An ineffective assistance of counsel claim is ordinarily first raised in a collateral proceeding because facts outside the record generally need to be developed to resolve the claim. United States v. Lewin, 900 F.2d 145, 149 (8th Cir.1990). Accordingly, we have declined to " 'consider an ineffective assistance claim on direct appeal if the claim has not been presented to the district court so that a proper factual record can be made.' " United States v. Logan, 49 F.3d 352, 361 (8th Cir.1995) (quoting United States v. Kenyon, 7 F.3d 783, 785 (8th Cir.1993)). In Logan, we declined to address an ineffective assistance claim on direct appeal despite the defendant's contention that no factual findings needed to be made by the district court. Id. at 361. In that case, we stated that "[i]f either the district court had addressed this issue or the government did not object to our hearing this issue, we would address it. However, since neither of these conditions are satisfied, we decline to consider this issue on direct appeal." Id. We find the present case analogous to Logan, and thus we decline to address the effective assistance claim, which Hawkins may raise in a section 2255 proceeding if he so desires.


Regarding the second category of potential prejudice, Hawkins has not shown that his anxiety and concern are greater than any other prisoner pending the outcome of an appeal. See Tucker, 8 F.3d at 676. In assessing the third category, Hawkins shows no impairment of his grounds for appeal because the appeal itself fails on the merits. See id. at 675 (stating that "[o]rdinarily, where the claims asserted on appeal would not entitle the defendant to reversal, appellate delay does not result in prejudice"). See also United States v. Hasting, 461 U.S. 499, 506, 103 S.Ct. 1974, 1979, 76 L.Ed.2d 96 (1983). In other words, even if Hawkins's appeal had been decided in a timely fashion, he still would have failed on the merits. Thus, Hawkins's due process rights were not violated, for he has failed to show prejudice.

III. Acceptance of Responsibility


Hawkins also contends that the district court erred in refusing to reduce his base offense level for acceptance of responsibility under U.S.S.G. § 3E1.1. The Sentencing Guidelines permit a two-level reduction in the base offense level if a defendant "clearly demonstrates acceptance of responsibility for his offense." U.S.S.G. § 3E1.1(a). The determination " 'whether a defendant has accepted responsibility is a factual one, depending largely on credibility assessments by the sentencing judge, who can far better evaluate the defendant's acceptance of responsibility than can a reviewing court.' " United States v. Grimes, 899 F.2d 731, 732 (8th Cir.) (quoting United States v. Evidente, 894 F.2d 1000, 1002 (8th Cir.1990)), cert. denied, 498 U.S. 986, 111 S.Ct. 521, 112 L.Ed.2d 532 (1990). We review for clear error a district court's findings of fact in determining a reduction for acceptance of responsibility. United States v. Laird, 948 F.2d 444, 446-47 (8th Cir.1991).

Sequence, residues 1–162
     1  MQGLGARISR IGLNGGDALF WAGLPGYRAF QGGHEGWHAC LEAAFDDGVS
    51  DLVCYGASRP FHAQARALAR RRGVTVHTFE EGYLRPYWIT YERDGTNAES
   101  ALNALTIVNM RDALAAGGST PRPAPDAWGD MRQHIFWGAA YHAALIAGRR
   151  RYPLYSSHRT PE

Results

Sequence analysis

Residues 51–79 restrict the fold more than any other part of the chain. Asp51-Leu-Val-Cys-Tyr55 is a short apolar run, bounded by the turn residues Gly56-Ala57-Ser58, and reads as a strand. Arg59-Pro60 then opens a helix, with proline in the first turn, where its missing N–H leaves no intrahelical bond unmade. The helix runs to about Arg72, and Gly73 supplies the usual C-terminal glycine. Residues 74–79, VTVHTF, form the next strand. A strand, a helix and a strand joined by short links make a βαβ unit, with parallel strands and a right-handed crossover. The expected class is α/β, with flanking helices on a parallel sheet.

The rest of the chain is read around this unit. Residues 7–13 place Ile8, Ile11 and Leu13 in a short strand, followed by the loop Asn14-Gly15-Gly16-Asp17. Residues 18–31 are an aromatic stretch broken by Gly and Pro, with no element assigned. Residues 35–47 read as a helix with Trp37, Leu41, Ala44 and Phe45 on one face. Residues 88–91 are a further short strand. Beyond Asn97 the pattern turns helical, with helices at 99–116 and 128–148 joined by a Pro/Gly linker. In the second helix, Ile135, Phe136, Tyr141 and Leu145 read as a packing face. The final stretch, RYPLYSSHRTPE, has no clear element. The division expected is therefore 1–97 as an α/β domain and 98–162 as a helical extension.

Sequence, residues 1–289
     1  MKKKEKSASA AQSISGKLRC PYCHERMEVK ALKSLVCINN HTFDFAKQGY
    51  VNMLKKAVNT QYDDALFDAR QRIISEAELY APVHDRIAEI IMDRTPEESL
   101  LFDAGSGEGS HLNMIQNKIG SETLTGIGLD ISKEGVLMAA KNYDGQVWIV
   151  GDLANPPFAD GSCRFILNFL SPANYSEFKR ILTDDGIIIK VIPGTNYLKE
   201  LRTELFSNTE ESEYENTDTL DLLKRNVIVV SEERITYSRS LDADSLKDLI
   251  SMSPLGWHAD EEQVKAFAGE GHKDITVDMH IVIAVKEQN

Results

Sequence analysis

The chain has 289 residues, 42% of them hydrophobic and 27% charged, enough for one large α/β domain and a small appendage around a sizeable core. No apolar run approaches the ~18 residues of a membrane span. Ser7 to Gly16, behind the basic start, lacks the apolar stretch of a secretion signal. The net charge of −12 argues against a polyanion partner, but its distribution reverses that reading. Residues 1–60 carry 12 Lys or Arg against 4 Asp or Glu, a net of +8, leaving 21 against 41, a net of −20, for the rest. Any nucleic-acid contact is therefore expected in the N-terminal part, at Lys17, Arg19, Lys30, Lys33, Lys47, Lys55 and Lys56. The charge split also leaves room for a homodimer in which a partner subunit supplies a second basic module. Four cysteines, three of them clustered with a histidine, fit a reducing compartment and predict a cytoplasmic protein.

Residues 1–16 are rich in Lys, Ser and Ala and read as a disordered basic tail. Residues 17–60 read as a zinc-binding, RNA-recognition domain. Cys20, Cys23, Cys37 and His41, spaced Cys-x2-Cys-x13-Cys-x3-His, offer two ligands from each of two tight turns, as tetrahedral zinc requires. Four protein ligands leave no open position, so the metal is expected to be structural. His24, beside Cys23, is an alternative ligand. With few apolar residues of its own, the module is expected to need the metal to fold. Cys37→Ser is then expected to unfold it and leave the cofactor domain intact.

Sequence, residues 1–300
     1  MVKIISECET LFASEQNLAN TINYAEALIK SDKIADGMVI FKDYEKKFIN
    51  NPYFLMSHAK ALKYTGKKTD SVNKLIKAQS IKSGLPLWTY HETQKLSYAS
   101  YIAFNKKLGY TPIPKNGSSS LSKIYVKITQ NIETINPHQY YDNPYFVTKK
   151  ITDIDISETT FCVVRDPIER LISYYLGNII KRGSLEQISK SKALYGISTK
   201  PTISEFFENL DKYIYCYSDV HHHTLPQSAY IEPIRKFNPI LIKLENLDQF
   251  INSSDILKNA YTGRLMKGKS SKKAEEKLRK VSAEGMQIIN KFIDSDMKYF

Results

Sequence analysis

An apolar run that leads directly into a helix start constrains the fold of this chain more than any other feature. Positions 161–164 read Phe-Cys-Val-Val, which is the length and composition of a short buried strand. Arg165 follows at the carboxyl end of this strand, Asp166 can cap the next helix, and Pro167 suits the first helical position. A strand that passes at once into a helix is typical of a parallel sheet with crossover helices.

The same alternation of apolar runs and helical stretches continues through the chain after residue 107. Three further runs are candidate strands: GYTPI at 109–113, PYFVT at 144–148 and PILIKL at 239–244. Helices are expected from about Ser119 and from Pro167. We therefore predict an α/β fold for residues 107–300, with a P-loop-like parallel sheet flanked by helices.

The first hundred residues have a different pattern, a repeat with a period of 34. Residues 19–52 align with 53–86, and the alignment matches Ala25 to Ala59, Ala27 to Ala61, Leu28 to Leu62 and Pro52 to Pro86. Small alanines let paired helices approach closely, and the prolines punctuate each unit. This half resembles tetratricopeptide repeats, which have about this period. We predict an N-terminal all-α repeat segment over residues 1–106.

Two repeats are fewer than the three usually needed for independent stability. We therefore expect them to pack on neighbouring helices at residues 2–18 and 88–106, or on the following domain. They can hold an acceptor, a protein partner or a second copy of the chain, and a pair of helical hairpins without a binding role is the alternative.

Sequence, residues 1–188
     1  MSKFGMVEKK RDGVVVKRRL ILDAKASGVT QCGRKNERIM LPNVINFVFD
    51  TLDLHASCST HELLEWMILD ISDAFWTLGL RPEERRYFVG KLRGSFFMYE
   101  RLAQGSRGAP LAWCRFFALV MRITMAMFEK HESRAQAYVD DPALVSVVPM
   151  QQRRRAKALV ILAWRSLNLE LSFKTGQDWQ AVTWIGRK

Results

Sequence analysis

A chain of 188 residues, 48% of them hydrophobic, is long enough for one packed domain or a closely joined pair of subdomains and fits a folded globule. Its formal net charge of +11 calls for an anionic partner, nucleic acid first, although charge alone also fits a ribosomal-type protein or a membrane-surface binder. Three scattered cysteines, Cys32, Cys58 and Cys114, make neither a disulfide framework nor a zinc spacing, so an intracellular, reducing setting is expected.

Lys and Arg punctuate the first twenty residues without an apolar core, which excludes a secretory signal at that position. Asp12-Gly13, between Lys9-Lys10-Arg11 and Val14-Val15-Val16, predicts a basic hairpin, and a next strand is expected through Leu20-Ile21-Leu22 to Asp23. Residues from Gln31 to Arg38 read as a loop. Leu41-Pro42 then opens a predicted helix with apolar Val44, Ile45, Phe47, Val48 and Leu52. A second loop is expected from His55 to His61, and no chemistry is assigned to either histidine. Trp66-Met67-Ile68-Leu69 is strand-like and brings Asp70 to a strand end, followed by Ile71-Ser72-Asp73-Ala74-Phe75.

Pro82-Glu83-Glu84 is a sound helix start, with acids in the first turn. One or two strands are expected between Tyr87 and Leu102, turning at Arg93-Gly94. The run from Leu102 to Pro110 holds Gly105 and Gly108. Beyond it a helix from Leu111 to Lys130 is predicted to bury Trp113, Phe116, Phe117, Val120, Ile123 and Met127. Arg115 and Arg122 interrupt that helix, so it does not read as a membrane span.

Hawkins argues that he is entitled to the reduction because he admitted the substantive offense. Voluntarily admitting involvement in the offense charged, however, does not automatically entitle a defendant to a reduction for acceptance of responsibility. United States v. Davila, 964 F.2d 778, 784 (8th Cir.1992).


The Presentence Investigation Report (PSR) did not recommend an acceptance-of-responsibility reduction because Hawkins did not cooperate with the government investigation and because he did not voluntarily withdraw from criminal conduct. Relying on the PSR, the district court made a specific finding that Hawkins had not cooperated with the government. Because the district court is in a unique position to evaluate a defendant's credibility, its decision should not be disturbed unless it is without foundation. Grimes, 899 F.2d at 732. We cannot say that there was no foundation for the district court's denial of a reduction for acceptance of responsibility in this case.


The judgment and sentence are affirmed.


The Honorable William L. Hungate, United States District Judge for the Eastern District of Missouri